Why that’s the worst illustration of cycling infrastructure ever

I’ve seen this image pop up on Twitter a couple of times today and each time it’s had a tweet something along the lines of “best illustration of cycling infrastructure ever” attached to it, but I don’t really think it is.

In the image we have to assume that the drawing translates into real life to make its point about the awful infrastructure we’ve got. So, logic kind of suggests that the grey car on the train tracks is ‘the bicycle’ and the train is ‘the car’, while the train tracks are ‘the road’ and the road is ‘the bike lane’. Which is fine. Nothing wrong there. Or is there? Because actually, physical logistics of driving a rubber-tired vehicle along a train track aside, there’s no reason why when the road ran out cars couldn’t join the railway.

If this situation ever were to exist then it would be perfectly safe, provided the driver of ‘the bike’ were to stick to the rules.

In fact, if this situation were ever to happen it would probably be the safest way to drive your car, because, excepting Luxembourg, we’ve got the safest railway in Europe.

That’s possible because rules matter a lot on the railway, with safety systems like fail-safe interlocking signalling doing some of the work and automatic warning systems and vigilance alarms making sure the driver is alive, awake and doing what they should be and that trains stay away from one another doing the rest. On the railway, the rules mean you’ll never get a ‘car’ that has pulled out in front of you shouting, wearing silly shoes and some kind of modern-day gas mask and who thinks talking about ‘cleets’ all the time in places like the queue for the bank is acceptable.

What the image is actually showing is ‘the car’ (which represents a cyclist in this perfect world, remember) having pulled out onto the railway tracks at an unsafe distance from the train. Now that’s not the best illustration about cycling infrastructure ever, is it? (And nor, I’d guess, is it the image most well-behaved, normal cyclists would want to be given either.)

The DPA industry of shiteware

Since I left University the growth of the cloud has been unstoppable and while mostly it’s been a world of accessing anything anywhere and tracking my friends as they travel it’s also meant I’ve spent a lot of time using awful software.

I’ve had the fortune to work for companies that look after people’s data: first it was banking info and now it’s health information, but as the world gets increasingly knowing more and more of us in the UK (and, I assume, Europe) are being forced to use awfully designed software to get what we need to get done done and stick within the law.


The problem is that most of ‘the cloud’ floats above America, or more commonly, nowhere specific. Terms and conditions say things are kept in the UK, in the EU, perhaps and that’s a problem because it means that we can’t use what everyone else around the world does.

The law, well intentioned and very good at protecting our data, has created an industry that doesn’t seem to realise why it’s making money – or, in fact, that realises exactly why it doesn’t need to make software any better.

They chose the right bit of The Internet

We can’t use SurveyMonkey, MailChimp and countless other ‘best in class’ services because they store their data ‘somewhere’ – and that’s not good enough for our Data Protection Act.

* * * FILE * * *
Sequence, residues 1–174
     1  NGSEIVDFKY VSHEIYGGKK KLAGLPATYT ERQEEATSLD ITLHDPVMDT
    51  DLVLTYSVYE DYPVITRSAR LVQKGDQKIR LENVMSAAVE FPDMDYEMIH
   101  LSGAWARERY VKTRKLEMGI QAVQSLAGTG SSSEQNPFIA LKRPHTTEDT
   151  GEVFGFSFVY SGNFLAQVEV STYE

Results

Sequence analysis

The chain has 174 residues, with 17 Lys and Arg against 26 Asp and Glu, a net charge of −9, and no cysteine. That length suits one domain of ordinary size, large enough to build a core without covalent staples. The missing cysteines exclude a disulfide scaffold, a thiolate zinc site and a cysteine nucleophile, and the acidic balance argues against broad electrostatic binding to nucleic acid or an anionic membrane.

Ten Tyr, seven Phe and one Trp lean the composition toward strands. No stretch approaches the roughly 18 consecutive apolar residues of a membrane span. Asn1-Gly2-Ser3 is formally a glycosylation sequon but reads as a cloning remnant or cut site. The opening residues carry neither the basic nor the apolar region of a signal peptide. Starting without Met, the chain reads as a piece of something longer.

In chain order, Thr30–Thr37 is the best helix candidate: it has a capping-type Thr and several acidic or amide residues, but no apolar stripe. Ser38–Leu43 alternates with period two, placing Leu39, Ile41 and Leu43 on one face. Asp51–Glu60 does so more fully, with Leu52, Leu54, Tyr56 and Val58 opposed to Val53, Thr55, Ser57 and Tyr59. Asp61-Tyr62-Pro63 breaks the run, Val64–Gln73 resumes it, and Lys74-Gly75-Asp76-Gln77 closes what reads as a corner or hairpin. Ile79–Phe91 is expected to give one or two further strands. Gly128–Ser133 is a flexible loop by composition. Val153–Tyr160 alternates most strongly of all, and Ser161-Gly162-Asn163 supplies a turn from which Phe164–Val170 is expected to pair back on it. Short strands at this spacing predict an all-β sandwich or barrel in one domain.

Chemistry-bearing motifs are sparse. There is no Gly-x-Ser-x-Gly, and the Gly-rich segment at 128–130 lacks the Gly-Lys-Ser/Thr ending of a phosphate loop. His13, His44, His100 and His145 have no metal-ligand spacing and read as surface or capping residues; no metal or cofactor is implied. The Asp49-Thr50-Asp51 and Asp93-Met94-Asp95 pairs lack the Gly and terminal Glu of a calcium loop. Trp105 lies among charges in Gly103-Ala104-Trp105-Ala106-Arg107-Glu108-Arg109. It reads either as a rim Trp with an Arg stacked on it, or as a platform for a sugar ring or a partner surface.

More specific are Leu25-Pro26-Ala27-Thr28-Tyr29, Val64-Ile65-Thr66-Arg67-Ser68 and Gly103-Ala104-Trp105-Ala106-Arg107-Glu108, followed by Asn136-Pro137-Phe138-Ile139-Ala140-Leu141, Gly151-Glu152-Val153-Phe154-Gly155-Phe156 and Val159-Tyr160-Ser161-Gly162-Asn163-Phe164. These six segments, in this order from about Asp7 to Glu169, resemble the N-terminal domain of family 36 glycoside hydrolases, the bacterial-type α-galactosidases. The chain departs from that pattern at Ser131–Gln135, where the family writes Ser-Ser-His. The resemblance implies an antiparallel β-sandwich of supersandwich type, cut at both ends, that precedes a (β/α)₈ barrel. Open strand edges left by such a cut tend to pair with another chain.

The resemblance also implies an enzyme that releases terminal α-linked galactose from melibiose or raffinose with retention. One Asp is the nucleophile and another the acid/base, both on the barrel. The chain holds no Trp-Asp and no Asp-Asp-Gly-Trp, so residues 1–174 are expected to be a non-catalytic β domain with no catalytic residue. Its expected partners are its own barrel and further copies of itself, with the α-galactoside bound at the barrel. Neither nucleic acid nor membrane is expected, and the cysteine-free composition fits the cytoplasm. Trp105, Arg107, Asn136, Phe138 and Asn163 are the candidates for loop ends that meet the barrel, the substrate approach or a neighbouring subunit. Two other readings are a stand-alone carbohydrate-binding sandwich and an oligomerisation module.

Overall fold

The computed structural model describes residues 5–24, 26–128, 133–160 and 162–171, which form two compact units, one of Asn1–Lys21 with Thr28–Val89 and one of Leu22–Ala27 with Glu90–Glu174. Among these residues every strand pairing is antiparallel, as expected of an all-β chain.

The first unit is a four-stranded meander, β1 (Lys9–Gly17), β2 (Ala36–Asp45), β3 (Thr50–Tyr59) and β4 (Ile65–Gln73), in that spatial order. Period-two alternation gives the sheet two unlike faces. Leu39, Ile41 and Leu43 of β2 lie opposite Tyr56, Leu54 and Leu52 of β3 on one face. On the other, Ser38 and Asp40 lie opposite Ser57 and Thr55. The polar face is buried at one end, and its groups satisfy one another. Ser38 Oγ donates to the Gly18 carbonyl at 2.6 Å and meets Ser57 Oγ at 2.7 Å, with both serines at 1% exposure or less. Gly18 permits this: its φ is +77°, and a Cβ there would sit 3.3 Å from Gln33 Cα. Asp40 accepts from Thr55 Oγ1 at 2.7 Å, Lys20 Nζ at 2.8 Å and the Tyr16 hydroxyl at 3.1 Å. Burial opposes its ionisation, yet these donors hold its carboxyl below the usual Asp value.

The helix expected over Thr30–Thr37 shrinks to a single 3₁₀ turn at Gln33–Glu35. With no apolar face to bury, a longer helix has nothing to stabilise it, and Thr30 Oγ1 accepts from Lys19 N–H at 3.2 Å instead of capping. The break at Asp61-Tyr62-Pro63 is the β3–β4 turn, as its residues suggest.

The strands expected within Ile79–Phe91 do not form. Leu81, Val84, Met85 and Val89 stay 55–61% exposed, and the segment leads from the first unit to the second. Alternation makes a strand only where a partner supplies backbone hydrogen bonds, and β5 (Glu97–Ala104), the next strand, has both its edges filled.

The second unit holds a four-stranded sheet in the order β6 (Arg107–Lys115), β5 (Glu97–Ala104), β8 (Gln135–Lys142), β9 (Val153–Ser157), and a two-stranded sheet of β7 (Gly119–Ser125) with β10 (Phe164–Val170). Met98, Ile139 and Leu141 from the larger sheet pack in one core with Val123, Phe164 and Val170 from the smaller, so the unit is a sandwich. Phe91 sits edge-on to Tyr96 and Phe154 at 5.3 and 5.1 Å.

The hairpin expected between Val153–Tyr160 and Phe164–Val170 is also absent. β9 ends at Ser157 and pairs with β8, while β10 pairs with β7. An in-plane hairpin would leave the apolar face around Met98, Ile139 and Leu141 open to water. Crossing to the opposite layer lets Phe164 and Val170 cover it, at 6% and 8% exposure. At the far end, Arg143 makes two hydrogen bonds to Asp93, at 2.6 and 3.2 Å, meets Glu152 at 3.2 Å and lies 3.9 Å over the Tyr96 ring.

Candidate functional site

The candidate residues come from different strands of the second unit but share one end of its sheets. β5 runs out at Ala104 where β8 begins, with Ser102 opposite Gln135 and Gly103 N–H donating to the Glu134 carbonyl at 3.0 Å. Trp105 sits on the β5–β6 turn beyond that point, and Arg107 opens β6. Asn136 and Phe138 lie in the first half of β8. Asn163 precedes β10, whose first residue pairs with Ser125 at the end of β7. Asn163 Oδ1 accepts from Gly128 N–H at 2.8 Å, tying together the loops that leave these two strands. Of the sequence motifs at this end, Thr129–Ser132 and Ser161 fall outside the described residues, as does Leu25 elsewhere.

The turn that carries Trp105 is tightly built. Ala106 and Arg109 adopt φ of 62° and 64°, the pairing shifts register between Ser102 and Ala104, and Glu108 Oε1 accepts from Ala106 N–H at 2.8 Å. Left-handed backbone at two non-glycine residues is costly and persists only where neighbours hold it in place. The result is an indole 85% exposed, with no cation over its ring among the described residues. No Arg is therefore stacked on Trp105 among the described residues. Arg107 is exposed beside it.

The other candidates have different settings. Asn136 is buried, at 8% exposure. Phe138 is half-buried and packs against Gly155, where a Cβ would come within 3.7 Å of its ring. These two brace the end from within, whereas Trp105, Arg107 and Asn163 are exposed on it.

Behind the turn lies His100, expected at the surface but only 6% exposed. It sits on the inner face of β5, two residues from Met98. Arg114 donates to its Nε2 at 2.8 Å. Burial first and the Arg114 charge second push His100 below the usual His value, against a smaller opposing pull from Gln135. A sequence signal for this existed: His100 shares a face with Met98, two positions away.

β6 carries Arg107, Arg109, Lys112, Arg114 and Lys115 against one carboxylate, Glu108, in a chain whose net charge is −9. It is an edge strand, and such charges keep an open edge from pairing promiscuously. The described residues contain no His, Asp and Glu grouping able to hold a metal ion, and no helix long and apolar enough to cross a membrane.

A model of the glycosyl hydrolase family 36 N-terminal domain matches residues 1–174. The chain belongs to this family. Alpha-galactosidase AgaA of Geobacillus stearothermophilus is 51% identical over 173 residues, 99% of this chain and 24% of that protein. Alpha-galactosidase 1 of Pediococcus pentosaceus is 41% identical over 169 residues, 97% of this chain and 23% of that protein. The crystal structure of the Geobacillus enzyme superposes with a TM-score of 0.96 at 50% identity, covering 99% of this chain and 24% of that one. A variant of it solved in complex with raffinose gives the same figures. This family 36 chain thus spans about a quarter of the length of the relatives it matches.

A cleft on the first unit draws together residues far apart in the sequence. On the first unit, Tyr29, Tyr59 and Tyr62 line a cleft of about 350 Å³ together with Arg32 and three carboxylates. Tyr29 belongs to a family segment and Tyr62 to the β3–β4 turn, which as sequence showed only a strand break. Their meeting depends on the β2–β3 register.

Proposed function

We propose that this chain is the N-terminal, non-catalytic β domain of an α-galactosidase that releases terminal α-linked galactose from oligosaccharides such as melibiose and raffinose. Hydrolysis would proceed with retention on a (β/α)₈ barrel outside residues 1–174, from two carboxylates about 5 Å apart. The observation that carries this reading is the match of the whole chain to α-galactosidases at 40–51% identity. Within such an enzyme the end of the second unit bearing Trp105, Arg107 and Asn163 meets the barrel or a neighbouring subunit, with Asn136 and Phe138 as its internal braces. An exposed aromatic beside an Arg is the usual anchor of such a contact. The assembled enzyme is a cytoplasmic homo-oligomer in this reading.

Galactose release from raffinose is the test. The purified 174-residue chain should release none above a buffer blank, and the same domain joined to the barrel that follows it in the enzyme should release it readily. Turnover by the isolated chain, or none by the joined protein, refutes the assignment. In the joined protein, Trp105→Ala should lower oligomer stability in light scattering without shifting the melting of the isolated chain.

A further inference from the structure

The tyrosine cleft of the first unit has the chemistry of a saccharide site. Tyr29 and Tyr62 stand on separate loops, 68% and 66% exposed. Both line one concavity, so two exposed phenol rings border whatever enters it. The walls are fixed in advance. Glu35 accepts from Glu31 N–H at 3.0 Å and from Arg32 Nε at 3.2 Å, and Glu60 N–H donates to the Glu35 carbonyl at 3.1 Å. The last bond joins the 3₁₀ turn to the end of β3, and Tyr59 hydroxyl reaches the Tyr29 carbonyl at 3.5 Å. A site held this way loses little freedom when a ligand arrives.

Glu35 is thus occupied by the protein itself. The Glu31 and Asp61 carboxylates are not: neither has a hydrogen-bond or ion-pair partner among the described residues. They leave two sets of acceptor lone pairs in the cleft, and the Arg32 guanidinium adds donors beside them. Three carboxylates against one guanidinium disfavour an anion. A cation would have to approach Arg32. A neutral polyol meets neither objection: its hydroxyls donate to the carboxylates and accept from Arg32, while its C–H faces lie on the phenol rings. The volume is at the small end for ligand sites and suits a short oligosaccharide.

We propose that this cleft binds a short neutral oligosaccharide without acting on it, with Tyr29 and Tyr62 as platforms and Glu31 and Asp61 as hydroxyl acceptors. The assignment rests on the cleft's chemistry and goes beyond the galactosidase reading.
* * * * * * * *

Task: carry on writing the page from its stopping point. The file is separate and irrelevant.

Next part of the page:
So instead we’re forced to use SurveyWizard2000 and E-Email SenderPRO.

Randomly named semi-clone services, winning business from UK businesses not because they’re good or because they do anything particularly well but because they’re using the right bit of the Internet to store their stuff.

And until companies like MailChimp realise they’re losing out on business (if they haven’t already), or something complicated happens with the law here, we’re stuck with what we’ve got: acceptable clones that just get the job done.

So if you fancy a quick buck without an original idea, why not join the DPA industry of shiteware?

No bells, no whistles. Just a chance to invest little in development, a tiny bit in sales and the ability to charge 3 times what your nearest’cloudy’ competitor does.

Photograph by David Bleasdale.

Please note: this phrase is unnecessary

I’m definitely one who gets a ‘thing’ about things. They usually pass, but this one has stuck – and I’ve had enough.

I am sick of seeing ‘please note’ written everywhere, as if it’s some kind of call to action or highlighter of something important, and not just a lazy man’s way of saying THIS IS IMPORTANT without any pomp.

Take the car park payment machine in Basingstoke I saw the other day. It’s printed with plenty of information on the rules of the car park, how to pay and other information that is doubtless important for someone who has never used a car park before.

Below? Oh yes. “Please note: payment must be made before leaving the car park.”

As far as I know that has been the case in every single fucking car park I’ve ever been in. I wasn’t expecting someone to send on the bill, or to wait for the executor of my will to pay you what you’re owed.

If you’re telling me to note something then clearly that is because you expect me to ASSUME SOMETHING ELSE. I should only need to ‘note’ things that are unusual or odd.

So, henceforth, please note can be used but only where:

  • The thing you are telling me is not something any rational human being should be able to tell anyway from general experience of life
  • The piece of information does not just mean you don’t have to do your job properly. If you’re sick of saying it, perhaps the policy is wrong or illogical. Change it or tell people they should. Fight.
  • At least three independent people have agreed that the piece of information is something that people might reasonably need to know